The smart plant: a look into the controversy behind plant intelligence
intelligence, plants, semantic barriers
Plants have long been excluded from the conversation regarding intelligent functioning in living things. This mindset dates back to ancient times, when plants were assigned a low-functioning and unintelligent rung on the scala naturae. In comparison to animals, plants have evolved to respond to their environment with a modular body plan, which lacks a nervous system and ‘intelligent’ organ, such as a brain. Despite this, research has demonstrated that plants are able to sense their environment, transmit sensory information throughout the entire organism, and respond to this sensory information with appropriate physiological responses. Also, plants have been shown to demonstrate aspects of learning and memory -cognitive functions once thought to be restricted to ‘intelligent’ beings (i.e. animals). The argument against plant intelligence is largely semantic-based, and stems from the concept that the word ‘intelligence’ cannot be applied to organisms which lack organs responsible for intelligent functioning. To truly appreciate the intelligent functioning of plants, we must eliminate this semantic barrier through a re-evaluation of our conventional understanding of intelligence. Perhaps this would require us to view intelligence, not as a quality unique to animals, but as a biological property, which in varying degrees is present in all life forms.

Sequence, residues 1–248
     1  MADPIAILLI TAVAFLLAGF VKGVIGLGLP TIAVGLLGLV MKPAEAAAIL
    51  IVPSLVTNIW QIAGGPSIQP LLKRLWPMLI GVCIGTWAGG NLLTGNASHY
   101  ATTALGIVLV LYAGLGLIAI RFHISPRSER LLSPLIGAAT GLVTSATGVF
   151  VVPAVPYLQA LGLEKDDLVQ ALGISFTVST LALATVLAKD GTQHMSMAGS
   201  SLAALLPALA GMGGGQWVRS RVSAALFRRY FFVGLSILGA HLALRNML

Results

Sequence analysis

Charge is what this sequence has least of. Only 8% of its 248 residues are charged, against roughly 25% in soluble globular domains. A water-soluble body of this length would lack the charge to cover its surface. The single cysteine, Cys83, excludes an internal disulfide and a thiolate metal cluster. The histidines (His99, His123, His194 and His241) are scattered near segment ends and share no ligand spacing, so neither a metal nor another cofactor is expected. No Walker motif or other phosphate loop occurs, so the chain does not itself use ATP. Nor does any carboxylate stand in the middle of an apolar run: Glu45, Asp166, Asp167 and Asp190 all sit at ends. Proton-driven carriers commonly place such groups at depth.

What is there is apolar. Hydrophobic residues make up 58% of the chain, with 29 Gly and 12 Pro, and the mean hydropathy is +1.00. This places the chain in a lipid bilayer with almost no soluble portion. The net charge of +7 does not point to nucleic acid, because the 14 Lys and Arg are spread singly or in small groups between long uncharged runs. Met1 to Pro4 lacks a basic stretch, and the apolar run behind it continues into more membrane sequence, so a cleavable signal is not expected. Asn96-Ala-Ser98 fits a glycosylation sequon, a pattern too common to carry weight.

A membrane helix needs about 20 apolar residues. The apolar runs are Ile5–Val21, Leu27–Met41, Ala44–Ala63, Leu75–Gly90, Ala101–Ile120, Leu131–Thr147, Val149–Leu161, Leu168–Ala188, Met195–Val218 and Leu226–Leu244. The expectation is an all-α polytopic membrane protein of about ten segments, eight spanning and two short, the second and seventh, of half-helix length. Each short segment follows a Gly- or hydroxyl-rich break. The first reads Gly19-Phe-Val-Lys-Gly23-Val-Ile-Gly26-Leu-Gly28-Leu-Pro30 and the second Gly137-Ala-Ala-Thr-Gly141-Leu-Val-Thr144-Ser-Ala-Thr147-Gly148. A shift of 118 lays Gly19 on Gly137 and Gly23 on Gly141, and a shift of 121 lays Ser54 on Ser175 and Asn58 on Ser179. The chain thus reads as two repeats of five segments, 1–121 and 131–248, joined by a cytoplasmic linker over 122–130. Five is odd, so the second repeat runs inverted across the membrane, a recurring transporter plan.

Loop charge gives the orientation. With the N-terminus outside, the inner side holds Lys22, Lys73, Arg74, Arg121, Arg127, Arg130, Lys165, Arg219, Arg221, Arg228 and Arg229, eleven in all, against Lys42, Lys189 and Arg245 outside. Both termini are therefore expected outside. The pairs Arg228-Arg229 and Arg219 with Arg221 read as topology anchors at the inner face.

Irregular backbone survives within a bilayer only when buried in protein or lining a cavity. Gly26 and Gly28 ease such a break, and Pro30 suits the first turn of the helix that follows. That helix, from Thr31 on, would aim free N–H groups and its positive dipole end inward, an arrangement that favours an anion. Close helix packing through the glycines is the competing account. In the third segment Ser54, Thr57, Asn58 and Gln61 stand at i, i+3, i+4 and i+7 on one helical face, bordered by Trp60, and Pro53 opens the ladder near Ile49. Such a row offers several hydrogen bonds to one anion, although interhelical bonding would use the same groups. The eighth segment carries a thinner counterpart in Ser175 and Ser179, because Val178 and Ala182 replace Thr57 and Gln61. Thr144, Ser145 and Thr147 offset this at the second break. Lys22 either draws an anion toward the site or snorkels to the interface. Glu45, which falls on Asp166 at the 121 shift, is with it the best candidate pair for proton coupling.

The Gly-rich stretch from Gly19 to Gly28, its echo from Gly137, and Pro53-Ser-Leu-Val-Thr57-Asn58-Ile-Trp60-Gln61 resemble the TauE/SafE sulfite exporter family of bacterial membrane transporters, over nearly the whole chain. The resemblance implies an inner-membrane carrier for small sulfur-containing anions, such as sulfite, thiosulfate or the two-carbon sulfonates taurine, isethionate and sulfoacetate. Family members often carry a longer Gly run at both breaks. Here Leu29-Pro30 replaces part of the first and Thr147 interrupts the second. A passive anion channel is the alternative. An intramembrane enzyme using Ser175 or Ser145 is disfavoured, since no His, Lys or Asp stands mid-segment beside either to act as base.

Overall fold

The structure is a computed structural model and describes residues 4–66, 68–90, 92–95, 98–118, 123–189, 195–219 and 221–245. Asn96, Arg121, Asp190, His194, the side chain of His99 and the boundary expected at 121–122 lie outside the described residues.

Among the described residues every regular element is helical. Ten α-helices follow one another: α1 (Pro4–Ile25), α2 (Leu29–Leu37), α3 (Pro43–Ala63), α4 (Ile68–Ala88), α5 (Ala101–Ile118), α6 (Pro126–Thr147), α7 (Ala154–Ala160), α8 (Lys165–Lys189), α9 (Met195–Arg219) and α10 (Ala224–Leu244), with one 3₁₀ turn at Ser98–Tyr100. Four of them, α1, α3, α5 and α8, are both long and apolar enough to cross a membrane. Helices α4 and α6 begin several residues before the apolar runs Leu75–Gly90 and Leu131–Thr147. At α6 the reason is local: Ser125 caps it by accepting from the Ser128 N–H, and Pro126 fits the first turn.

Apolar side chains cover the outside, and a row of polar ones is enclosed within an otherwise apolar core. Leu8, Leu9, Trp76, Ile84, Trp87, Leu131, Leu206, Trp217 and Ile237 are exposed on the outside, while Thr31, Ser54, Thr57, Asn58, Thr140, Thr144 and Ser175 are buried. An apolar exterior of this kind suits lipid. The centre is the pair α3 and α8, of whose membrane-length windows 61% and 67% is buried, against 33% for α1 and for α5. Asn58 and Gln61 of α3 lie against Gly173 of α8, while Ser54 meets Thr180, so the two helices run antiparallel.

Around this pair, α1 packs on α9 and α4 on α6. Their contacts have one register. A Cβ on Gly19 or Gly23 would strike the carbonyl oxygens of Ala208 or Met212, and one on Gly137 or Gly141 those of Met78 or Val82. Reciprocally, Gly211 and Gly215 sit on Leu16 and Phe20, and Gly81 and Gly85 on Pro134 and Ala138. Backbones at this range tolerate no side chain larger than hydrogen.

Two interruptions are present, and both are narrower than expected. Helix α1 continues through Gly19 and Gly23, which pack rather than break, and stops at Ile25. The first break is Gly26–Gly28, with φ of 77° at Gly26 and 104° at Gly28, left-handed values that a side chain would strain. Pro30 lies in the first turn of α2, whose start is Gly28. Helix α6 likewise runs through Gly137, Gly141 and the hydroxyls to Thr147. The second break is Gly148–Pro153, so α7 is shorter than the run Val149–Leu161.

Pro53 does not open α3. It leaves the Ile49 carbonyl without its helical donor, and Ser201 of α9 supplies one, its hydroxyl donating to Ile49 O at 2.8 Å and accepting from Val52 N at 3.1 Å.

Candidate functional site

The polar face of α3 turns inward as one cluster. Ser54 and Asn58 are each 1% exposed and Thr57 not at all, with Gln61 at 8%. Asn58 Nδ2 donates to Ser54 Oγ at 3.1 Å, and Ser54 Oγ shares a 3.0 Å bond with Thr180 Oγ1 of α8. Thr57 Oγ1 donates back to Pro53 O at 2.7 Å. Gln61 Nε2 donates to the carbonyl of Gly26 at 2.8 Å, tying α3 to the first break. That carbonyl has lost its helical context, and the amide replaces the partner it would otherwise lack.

Fermaniuk, C. L. (2020). The Smart Plant: A Look into the Controversy Behind Plant Intelligence. MacEwan University Student EJournal (MUSe), 4(1). https://doi.org/10.31542/muse.v4i1.1247
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